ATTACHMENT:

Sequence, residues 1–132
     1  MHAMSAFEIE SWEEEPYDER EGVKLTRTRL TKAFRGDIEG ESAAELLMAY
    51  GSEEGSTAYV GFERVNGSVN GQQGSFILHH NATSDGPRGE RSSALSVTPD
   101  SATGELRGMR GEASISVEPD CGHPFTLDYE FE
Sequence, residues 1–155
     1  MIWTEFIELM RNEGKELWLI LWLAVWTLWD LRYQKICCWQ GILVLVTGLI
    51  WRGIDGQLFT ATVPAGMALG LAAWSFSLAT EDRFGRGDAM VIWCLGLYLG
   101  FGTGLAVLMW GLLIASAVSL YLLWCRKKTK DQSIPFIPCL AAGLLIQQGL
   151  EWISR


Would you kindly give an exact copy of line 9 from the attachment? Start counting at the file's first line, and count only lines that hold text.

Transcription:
   151  EWISR